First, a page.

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Rise in global inflation is a contributory factor to Ghana’s price increases says Dr Frank Bannor

Ghana, according to Dr Frank Bannor, wasn’t the only country faced with inflationary pressures, developed economies faced similar challenges

Head of Research at the Danquah Institute (DI), Dr Frank Bannor, has averred that Ghana’s economy, just like the rest of the world, got hit hard by the rise in global inflation.

In a press conference held on Tuesday, 13 February 2024, titled; ‘Analysis of the Ghanaian Economy’, the development economist pointed out that but for the global surge in inflation as a result of the war waged on Ukraine by Russia, and other extraneous factors, Ghana’s economy, just like the rest of the world, wouldn’t have witnessed high levels of inflation.

“For a continuous period of 61 months, the inflation level was below 15.4% in December 2016, he pointed out.

“The only exception to this trend occurred in February 2022, coinciding with Russia’s invasion of Ukraine. It is noteworthy that, global inflation surged from 1.55% in 2016 to 8.27% by the end of 2022, marking a fivefold increase”, he noted.

Notably, there has been a general rise in living expenses worldwide, propelled by escalations in food, energy, housing (rental), and transportation costs, according to Dr. Bannor.

By February 2022, he stressed, “Ghana experienced inflation reaching 15.7%, a figure that steadily increased and eventually peaked at 54.1%, marking the highest rate in over two decades”.

Ghana, according to the Economist, wasn’t the only country faced with inflationary pressures, even the developed economies faced similar challenges.

“Ghana wasn’t the only country facing such challenges. In June 2022, headline inflation in the USA increased by 9.1%, marking its highest level in 40 years”

The UK, he continued, experienced a four-decade-high inflation rate of 9.1% in May 2022, while Germany recorded its highest inflation in 50 years in August 2022.

While DI acknowledges the accompanying hardships of inflation, it is crucial for the country to recognize the factors contributing to these increases, he stated.

“Under normal conditions, and without any global shocks, inflation consistently decreased between 2017 to 2019— a trend that had been persisting for a continuous period of 61 months”

It is also true in this case that inflation has since exhibited a notable downward trajectory, decreasing from 54.1% to 23.2% by December 2023, according to the Bank of Ghana.

He also touched on the contribution of exchange rates in the inflation discourse.

“Friends from the Media, Exchange rate fluctuations are an important driver of inflation and could therefore have significant implications for the formulation of monetary policy. The expected impact of currency movements on consumer prices will determine how BoG, should react to them” he said.

He explained that a change in the exchange rate will affect production costs given that most inputs are imported, thus resulting in higher prices for final goods.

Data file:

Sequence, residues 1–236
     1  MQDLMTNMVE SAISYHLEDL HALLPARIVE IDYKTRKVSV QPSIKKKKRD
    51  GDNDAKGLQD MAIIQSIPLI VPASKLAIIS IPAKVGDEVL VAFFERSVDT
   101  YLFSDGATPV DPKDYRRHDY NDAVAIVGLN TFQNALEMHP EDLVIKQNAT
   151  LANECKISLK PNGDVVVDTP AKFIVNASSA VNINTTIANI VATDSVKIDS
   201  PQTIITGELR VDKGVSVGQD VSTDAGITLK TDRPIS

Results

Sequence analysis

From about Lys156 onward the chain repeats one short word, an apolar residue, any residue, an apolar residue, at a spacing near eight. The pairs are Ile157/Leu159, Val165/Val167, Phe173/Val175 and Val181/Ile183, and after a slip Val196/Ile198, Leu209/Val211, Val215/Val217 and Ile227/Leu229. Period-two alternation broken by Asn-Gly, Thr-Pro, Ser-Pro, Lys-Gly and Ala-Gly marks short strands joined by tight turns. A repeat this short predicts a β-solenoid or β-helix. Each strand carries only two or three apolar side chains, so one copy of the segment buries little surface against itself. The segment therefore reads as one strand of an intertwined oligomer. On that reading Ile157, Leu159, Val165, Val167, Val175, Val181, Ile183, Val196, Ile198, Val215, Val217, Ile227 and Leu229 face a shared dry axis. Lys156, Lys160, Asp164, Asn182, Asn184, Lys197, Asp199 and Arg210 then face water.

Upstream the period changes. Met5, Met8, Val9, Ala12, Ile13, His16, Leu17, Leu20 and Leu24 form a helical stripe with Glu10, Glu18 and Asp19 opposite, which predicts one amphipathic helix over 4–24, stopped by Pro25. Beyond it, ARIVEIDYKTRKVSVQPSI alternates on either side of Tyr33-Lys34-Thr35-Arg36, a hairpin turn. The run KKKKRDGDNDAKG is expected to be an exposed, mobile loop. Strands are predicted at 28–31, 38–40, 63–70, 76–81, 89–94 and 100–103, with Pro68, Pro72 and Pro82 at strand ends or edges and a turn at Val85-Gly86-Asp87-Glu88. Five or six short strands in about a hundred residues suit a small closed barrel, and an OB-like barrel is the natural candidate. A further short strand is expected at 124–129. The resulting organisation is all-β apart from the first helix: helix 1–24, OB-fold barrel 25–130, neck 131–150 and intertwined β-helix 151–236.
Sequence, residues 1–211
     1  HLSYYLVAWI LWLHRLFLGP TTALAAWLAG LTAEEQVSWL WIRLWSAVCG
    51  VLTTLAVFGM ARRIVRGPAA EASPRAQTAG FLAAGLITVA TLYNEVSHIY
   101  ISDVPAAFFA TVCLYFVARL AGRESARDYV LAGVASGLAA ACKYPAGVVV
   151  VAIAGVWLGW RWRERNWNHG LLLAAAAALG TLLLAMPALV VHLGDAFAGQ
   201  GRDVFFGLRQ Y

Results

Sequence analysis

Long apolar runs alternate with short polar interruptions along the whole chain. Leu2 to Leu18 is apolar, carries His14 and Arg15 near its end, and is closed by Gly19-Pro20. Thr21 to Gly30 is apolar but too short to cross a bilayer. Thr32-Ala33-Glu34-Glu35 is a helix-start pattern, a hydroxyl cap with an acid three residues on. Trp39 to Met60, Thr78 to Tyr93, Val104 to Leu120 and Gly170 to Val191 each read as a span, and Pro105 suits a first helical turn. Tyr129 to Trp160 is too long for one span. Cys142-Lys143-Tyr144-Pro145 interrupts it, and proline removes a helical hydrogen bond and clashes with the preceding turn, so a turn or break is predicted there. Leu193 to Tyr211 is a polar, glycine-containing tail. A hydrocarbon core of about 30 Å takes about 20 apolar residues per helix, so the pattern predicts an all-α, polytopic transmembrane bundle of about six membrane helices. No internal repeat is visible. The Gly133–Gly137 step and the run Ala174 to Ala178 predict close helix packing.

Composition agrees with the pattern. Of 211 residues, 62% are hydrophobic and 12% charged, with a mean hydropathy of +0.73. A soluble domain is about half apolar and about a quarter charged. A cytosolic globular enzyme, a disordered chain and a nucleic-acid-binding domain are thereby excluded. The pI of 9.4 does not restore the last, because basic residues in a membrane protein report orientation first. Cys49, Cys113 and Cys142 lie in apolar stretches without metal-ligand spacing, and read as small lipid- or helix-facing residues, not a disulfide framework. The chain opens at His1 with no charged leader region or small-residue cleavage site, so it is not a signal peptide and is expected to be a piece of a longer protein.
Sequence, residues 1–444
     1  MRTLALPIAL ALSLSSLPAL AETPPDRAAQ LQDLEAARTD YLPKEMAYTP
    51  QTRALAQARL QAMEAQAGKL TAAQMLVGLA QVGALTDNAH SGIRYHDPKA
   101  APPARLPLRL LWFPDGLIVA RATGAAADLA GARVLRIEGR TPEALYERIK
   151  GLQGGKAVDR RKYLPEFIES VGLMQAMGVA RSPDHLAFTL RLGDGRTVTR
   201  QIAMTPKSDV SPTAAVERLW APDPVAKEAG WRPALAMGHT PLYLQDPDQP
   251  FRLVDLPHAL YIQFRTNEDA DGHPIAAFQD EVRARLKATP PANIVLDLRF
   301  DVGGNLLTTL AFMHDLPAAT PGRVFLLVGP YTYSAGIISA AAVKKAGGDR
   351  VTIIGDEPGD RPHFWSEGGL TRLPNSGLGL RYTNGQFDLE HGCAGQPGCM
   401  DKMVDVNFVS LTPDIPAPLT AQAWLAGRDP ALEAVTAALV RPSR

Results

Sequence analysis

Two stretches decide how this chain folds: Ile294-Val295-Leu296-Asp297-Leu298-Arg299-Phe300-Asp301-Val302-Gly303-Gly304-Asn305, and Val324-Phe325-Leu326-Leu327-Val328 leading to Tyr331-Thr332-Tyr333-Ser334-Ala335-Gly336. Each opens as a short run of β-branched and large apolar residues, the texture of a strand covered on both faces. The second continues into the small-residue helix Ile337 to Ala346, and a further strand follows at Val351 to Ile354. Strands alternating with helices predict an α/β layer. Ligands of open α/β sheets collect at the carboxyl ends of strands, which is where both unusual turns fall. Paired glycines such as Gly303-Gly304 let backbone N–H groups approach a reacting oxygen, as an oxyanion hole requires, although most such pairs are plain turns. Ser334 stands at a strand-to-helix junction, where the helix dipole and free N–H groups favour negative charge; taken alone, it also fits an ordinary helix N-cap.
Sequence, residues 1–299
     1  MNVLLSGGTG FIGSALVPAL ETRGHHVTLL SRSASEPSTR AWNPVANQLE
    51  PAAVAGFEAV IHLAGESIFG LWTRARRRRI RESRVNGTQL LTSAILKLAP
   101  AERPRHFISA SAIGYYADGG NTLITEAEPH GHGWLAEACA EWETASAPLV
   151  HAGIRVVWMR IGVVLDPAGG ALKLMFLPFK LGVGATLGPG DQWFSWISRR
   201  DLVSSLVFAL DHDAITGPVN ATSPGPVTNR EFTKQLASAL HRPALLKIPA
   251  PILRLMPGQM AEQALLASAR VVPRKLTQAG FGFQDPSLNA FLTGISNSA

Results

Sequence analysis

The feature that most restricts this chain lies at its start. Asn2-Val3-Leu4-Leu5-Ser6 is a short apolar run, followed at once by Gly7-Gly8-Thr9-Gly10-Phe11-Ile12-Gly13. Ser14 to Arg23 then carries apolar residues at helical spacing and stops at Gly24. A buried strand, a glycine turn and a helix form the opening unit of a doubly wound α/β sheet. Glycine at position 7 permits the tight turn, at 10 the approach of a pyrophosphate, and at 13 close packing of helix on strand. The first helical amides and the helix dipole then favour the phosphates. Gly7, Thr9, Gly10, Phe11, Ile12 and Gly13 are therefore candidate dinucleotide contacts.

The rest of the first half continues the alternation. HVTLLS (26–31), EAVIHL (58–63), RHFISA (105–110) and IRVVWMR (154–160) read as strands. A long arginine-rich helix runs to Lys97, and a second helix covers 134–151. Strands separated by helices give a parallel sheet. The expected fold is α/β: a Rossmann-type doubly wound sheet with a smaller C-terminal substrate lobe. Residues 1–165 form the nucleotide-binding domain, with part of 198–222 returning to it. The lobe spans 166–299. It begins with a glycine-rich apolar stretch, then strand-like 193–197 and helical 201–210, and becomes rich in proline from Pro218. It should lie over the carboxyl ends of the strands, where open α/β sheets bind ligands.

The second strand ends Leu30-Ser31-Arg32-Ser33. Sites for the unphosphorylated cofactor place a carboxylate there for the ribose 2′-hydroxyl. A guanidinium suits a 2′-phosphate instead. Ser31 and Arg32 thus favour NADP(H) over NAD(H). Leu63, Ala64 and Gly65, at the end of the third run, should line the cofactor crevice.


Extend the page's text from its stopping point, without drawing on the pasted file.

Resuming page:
In the case of an open economy like Ghana, which extensively participates in global trade, the exchange rate holds significant economic relevance, Dr. Bannor indicated.

Dr. Bannor provided figures on the Cedi/Dollar dichotomy to buttress the point made by Vice President Bawumia in his recent speech.

“On the 7th of January 2013, one US dollar was exchanged for GHS 1.8725 (interbank exchange rate). However, by the 7th of January 2017, the exchange rate had increased to GHS 4.2141 for 1 Us dollar. On the whole the average depreciation of the cedi against the dollar was 17.7% from 2013 to 2016 as Dr Bawumia articulated in his delivery.

From 2017 to 2020, he noted, there was a notable reduction in the cedi depreciation rate to an average of 7.5%. Furthermore, the average cedi depreciation continued to decrease to 6.8% between 2017 and 2021.

“The Ghana cedi experienced a significant depreciation of 30% by the end of 2022, pushing the average cedi depreciation between 2017 and 2022 to 10.75%”

Dr. Bannor also pointed out that the Ghana cedi was not the only currency to have lost steam in the face of the global economic downturn, citing the Pounds Sterling losing against the US Dollar as an example.

“During 2022, many major international trading currencies, including the UK’s pound sterling, depreciated against the US dollar” he said.

As an Institute, we recognize the economic challenges that the persistent depreciation of the cedi in 2022 imposed on Ghanaians. Why this happened is what we must look at, he urged.

Before the global crises emerged, specifically at the close of 2021, the Bank of Ghana boasted over $9.9 billion in gross international reserves, equating to 4.8 months of import cover.

This, he said, marked one of the highest reserve levels since 1957. This is in stark contrast, to the 2.8 months of import cover that remained as of December 2016.

Such a fragile economy would have struggled to withstand the profound impacts of the recent global economic crises, he added.

“The exchange rate for one US dollar could likely have exceeded GHc25 and we are prepared to engage in an academic debate on this matter!!” he threw the challenge.

“Following the war(Russia/Ukraine), the global market witnessed a downturn, resulting in the persistent downgrade of numerous economies, Ghana included” Dr. Bannor held.

Unable to access the global bond markets, the Bank of Ghana had to utilize the country’s reserves to settle the government’s foreign-denominated debts.

Simultaneously, the Central Bank supplied dollars to the secondary forex market to bolster the value of the local currency.

“By June 2022, it became obvious that our reserves were fast depleting, resulting in an urgent need to go to IMF for a bailout” he emphasized.

Reporting by Wilberforce Asare in Addis Ababa

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